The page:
Document Type

Article

Publication Date

2014

Abstract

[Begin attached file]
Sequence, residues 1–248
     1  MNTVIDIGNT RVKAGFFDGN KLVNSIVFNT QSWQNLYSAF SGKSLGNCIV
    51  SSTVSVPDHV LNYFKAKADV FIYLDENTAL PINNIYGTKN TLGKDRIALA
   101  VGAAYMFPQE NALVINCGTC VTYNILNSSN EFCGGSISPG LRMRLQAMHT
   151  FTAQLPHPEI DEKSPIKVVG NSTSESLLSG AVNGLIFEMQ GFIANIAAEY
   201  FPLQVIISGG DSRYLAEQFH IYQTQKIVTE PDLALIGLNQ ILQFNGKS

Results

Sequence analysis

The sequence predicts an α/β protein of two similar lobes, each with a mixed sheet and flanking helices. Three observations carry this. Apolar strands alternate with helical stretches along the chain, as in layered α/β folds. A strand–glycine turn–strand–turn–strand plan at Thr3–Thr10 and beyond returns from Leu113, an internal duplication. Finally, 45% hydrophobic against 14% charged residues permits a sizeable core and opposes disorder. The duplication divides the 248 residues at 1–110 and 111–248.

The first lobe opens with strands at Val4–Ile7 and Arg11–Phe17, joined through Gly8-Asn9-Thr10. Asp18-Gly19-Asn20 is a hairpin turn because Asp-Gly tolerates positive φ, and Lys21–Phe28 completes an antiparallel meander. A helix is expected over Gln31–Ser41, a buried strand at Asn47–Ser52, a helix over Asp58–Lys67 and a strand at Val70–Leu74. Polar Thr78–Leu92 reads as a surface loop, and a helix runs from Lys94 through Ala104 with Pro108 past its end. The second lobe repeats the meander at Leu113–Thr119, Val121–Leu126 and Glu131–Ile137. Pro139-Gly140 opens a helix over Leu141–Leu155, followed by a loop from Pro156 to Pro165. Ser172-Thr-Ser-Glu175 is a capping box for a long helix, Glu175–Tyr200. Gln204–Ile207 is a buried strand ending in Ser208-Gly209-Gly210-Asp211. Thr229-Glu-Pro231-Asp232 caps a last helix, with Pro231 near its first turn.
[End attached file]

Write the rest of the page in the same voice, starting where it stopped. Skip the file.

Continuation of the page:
Until relatively recently, the conventional wisdom regarding the comedia held that the vast and remarkable cultural production of Spain’s Golden Age not only mirrored its political dominance but served as imperial propaganda in the effort to project the Hapsburg monarchy, the Castilian language, the Iberian political and economic systems, and the Roman Catholic religion both at home and abroad. More recent scholarship has found the relationship between imperial cultural production, politics, and society to be much more complicated, porous, and nuanced. Baroque art and literature teem with representations of racial and sexual diversity, class distinctions, and national identities, and the comedia is no different. Catherine Swietlicki has written that “Lope is capable of hearing the full presence of authentic alien voices, of tempering them by the oppositional process, and then writing the voices of the otherness with creative understanding” (219-20), and the same can be said for the genre as a whole. This willingness to explore and, at times, embrace, diversity in both political and cultural matters reveals not just an unwillingness to accept the imperial project in toto but an ongoing effort to criticize its aims and methods and expose the fissures, gaps, and inconsistencies in the monolithic imperial edifice. Even scholars who find it implausible that contemporary playwrights should have created openly subversive works performed in the center of empire still acknowledge that so many plays depict monarchs in a less than flattering light. Arsenio Alfaro, while asserting that the comedia served to instill in its audience “un fuerte sentimiento monárquico” (132), nevertheless concedes that the monarch on occasion falls short: “No todas las veces juega el monarca el papel de administrador recto de justicia o de gobernante concienzudo y responsable o de hombre virtuoso y magnánimo” (136). David Román believes that Philip IV viewed the theater “as a locale where the illusion of power could be constructed and maintained” (76) while simultaneously acknowledging the possibility that Calderón should write a play that is not just “a commentary on the events of the period as well as the King’s manner of style and governance” (78) but one that is, in more general terms, “critical of absolute power” (77).

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